I'm going to say yes, it's definitely worth the time and effort. Because when it's done, you have an entire novel just waiting to be fixed up and sent to a publisher. 

You can find the website here. Sign up! If you have any questions they have an awesome FAQ page. Also, the good news is: if you missed NaNoWriMo in November, you don't have to wait a year, you can do it this summer! There's a NaNo in June and August as well which I'm planning to do. 

Be defiant. 

God bless!


Hey! Call me Treskie. I'm a seventeen year old girl from somewhere in the Sierra Mountains. I enjoy doing loads of artsy things, drawing being something particularly special to me. I sing all the time, and I want to one day soon get married and have a big family. I blog over at Occasional Randomness, and I can promise you a cup of coffee--or tea, if you prefer--if you come by and visit. 

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Saturday, December 15, 2012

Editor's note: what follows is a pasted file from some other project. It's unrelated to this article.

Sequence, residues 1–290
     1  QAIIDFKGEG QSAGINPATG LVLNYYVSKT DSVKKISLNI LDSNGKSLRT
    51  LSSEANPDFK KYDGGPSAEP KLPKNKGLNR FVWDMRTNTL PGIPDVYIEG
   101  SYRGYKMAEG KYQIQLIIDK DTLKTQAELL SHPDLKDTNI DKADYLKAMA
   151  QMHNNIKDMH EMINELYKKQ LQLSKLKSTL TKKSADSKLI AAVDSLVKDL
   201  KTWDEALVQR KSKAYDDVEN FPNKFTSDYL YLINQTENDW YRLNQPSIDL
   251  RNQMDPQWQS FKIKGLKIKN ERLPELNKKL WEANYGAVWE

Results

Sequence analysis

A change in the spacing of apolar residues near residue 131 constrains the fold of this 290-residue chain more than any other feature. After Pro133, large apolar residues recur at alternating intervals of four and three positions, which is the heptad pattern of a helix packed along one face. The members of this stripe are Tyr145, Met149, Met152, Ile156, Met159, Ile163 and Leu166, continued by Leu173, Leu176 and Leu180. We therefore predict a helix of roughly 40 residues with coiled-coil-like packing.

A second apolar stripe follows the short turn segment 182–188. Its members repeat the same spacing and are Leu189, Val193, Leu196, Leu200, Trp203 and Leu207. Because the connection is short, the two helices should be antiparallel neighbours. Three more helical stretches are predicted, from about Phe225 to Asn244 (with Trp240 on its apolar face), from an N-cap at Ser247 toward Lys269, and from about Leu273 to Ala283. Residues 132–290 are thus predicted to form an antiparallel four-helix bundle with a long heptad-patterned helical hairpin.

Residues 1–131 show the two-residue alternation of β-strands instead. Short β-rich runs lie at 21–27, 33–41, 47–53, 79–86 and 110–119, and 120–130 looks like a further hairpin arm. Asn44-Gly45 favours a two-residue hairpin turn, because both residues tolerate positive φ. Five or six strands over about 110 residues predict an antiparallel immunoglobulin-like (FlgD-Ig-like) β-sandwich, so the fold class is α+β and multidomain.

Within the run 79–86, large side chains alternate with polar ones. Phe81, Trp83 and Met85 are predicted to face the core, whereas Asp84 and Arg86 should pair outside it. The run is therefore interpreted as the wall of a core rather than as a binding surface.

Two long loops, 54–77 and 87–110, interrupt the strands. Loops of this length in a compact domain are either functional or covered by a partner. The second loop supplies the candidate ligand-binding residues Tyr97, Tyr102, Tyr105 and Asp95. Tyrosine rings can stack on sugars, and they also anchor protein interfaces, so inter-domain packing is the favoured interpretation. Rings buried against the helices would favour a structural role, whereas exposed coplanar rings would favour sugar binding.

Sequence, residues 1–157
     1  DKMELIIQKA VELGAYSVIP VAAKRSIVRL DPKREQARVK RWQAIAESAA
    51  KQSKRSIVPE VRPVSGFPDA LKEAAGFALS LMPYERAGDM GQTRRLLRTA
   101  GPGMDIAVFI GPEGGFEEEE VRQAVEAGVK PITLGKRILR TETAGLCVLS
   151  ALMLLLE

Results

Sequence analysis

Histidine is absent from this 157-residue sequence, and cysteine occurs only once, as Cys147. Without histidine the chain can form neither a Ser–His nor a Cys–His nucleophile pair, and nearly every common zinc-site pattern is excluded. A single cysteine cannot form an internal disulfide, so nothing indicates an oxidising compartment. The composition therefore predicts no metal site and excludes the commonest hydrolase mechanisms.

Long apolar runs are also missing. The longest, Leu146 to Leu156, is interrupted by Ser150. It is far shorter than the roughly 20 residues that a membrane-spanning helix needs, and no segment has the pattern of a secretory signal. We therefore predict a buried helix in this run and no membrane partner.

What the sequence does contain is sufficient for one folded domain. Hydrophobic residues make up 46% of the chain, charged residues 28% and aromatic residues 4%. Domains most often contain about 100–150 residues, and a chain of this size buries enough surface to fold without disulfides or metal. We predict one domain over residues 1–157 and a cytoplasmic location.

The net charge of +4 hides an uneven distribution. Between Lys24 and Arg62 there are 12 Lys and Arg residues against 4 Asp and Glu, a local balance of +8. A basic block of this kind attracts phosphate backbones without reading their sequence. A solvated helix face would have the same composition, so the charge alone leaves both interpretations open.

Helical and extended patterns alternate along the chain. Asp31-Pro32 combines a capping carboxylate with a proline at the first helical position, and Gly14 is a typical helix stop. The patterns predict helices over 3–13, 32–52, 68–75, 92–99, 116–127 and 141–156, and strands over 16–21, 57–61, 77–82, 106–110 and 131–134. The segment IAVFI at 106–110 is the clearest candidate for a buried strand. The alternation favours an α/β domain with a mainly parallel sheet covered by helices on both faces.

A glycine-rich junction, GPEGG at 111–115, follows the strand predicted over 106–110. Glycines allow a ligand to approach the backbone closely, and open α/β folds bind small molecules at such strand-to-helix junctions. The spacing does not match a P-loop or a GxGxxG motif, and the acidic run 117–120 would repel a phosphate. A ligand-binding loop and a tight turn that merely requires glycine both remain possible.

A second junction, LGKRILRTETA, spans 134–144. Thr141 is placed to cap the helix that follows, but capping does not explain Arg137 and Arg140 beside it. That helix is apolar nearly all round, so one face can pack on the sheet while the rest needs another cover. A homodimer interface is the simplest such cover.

On My Bookshelf: The Girl in the Glass

Renaissance is a word
with hope infused in every letter.
Since she was a child, Meg has dreamed of taking a promised trip to Florence, Italy, and being able to finally step into the place captured in a picture at her grandmother's house. But after her grandmother passes away and it falls to her less-than-reliable father to take her instead, Meg's long-anticipated travel plans seem permanently on hold.
When her dad finally tells Meg to book the trip, she prays that the experience will heal the fissures left on her life by her parents' divorce. But when Meg arrives in Florence, her father is nowhere to be found, leaving aspiring memoir-writer Sophia Borelli to introduce Meg to the rich beauty of the ancient city. Sophia claims to be one of the last surviving members of the Medici family and that a long-ago Medici princess, Nora Orsini, communicates with her from within the great masterpieces of the Italian Renaissance.